A new book about ageing well from my favourite writer, Tish Jett, has been published in New York by Rizzoli International Publications. Tish writes beautifully about the Frenchwomen's art of living well, incorporating good habits and little luxuries into their day-to-day routine. Their secrets for lifelong style starts with personal discipline and belief in quality in all things, every day. Discipline goes hand in hand with beauty - quick fixes have a trade-off. Giving time to beauty rituals is essential, as is being smart with your skincare expenditure. Tish writes, 'With each passing birthday, I realise that one of the most important goals in my life is serenity." The bathroom cabinet is a sanctuary for our beauty, health and mental wellbeing. Curated and personalised for you, the November beauty bargains might be tempting but go shopping with a well-thought through rationale. The benefit of the dark nights & fireworks season is to go from the outside in; to reflect, re-work and reconsider how the year has gone and where to go from here. The same goes for our wellbeing rituals. Are they designed to regenerate us for our lives to run smoothly, beautifully and effortlessly as in France or are they an ad-hoc bargain decision? Ageing well is not only the theme of my work; at the
My interview with The EcoWell in Canada on skin biology and skin ageing. Enjoy! In this episode, we covered skin biology, including the structure of your skin as it relates to cosmetics, skin conditions like acne, the ageing process of your skin, and lots more. Listen to the podcast here.
In the New Year, we will be discussing the "power facial" and "face gym" as an alternative to Botox. All of the most sought-after London facialists are offering facial massage-based treatments: Nicola Joss is renowned for incorporating internal mouth work into her facial massage to reduce tension and loosen the jaw. Deborah Mitchell treats Botox-free celebrities with LIA therapy technique, a nonsurgical healing facelift, to tighten the skin and clear sinuses. Amanda Lacey promotes facial manipulation to redefine, soften and relax the face, so it looks natural. There is no need to travel to London to appreciate a "facial with a difference". My facial massage based treatments are on a par with the London offerings for a fraction of the price. The FaceWorkshops Anti-Ageing Massage treatment is an advanced massage sequence of ten complementary steps - backed up with science - brings your face back to life. It makes you instantly feel and look good and if done regularly, it will stimulate and tone your facial muscles and lift and contour the face, giving it a better definition. All facials need commitment. All facials need commitment - they are no one-hit wonder. If you come once, it will give you a glow. Ideally, you would have a course of treatments close together and come back regularly for top-ups. As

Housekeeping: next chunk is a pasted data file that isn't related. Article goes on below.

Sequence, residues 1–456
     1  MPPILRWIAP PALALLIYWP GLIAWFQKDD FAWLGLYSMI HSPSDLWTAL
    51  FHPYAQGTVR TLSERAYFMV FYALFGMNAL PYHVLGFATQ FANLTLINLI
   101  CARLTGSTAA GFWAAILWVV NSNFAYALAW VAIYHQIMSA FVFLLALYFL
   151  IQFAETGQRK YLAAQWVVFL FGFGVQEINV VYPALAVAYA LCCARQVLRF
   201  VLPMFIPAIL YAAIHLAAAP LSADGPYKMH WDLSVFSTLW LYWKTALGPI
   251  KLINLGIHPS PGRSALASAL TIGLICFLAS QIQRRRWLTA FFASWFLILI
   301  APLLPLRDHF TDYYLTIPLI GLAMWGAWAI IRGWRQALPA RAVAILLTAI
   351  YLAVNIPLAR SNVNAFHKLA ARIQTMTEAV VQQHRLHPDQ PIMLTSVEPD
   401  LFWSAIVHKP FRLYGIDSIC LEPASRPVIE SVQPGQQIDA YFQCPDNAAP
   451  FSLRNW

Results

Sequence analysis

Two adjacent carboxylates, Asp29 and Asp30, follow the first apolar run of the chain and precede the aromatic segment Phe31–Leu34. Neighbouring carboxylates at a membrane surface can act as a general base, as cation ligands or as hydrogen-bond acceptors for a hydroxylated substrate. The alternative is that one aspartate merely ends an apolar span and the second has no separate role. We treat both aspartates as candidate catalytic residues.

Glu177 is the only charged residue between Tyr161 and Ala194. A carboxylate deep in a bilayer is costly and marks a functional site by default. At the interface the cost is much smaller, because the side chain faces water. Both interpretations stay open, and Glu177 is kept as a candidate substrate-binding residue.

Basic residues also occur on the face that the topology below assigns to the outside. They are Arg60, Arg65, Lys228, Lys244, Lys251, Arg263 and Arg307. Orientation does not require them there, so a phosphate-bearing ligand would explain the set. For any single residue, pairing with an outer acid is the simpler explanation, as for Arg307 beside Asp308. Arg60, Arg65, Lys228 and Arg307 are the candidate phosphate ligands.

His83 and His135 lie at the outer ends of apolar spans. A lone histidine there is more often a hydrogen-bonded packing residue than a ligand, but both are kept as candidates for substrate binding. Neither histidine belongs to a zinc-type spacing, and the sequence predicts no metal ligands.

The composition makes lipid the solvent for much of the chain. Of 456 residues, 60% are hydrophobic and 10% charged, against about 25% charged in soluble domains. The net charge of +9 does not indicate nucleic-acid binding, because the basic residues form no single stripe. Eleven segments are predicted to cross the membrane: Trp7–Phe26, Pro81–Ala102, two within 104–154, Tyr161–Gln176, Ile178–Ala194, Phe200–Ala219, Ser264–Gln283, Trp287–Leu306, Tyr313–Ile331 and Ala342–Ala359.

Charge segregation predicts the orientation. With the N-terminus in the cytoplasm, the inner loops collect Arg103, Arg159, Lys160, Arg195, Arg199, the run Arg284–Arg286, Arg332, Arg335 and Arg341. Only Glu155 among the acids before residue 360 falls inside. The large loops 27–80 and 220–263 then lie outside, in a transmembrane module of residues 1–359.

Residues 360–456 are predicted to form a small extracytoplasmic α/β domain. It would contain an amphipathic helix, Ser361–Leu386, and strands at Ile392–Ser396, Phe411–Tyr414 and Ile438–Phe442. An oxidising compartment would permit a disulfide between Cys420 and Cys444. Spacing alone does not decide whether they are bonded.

Specific anti-ageing technologies should be targeting different facial zones and ageing features. Technologies on my wish list are new, clinically relevant and evidence-based yet accessible (distribution channel and price) for my clients. The appearance of facial skin depends on the quality of many different tissues - bone structure, muscles, sub-dermal deposits of fat, dermal and epidermal layers as well as perfusion and lymphatic drainage - that differ in distinct facial zones. In Caucasians, research into which ageing signs matter most has confirmed that nine features correlate the most with perceived age (Oriflame research in Russian women aged 40 +): wrinkles in the upper part of the face (crow's feet, glabellar (frown), under-eye and forehead wrinkles) wrinkles in the lower half of the face (upper lip, nasolabial fold) sagging of the jawline (in the aged 41 to 65 years) severity of hyper pigmented spots - red and brown (although to a lesser extent) Anti-ageing solutions specifically targeting these features have to entail: lifestyle changes (bad mimic habits - impacting on frown and lip lines, smoking - lip lines & skin quality e.g. acne, inadequate sleep and nutrition - sleep lines & skin quality e.g. tired, dull complexion ) daily facial yoga, self-massage and regular professional face massage with or without rollers (for increased perfusion and lymphatic drainage, alignment,
Launching new or innovative skincare products? The beauty market is saturated, yet in perpetual need of NEW products (35 % of purchases annually) that are not always scientifically relevant or innovative.. PACKAGING. Creating value in the eyes of the consumer often stems from packaging - at least for people that don't have difficult-to-treat skin types or too many ageing concerns. CONVENIENCE. Mobile purchases are becoming more popular than desktop and Google favours e-commerce sites that are mobile friendly. The online journey and feeling welcome on the site - as well as product reviews are becoming extremely important. After all, the beauty industry is about talking to people.. Packaging needs to appeal, be simple and fit for purpose - but at the end of the day, it is only the outer shell of the product. SKIN BIOLOGY, LIFESTYLE & COMPLIANCE. Buying skincare differs from other beauty purchases. Your skin type is unique and the factors that influence you individually depend on genetics and lifestyle - efficacy, the right choice of active ingredients and sensory aspects of skincare products come first! The price, quality, size and prestige attributes are secondary. Go shopping when: you understand your skin type and active ingredients that alleviate your concerns know how to layer your products know how your skin changes during the day and seasons appreciate how does it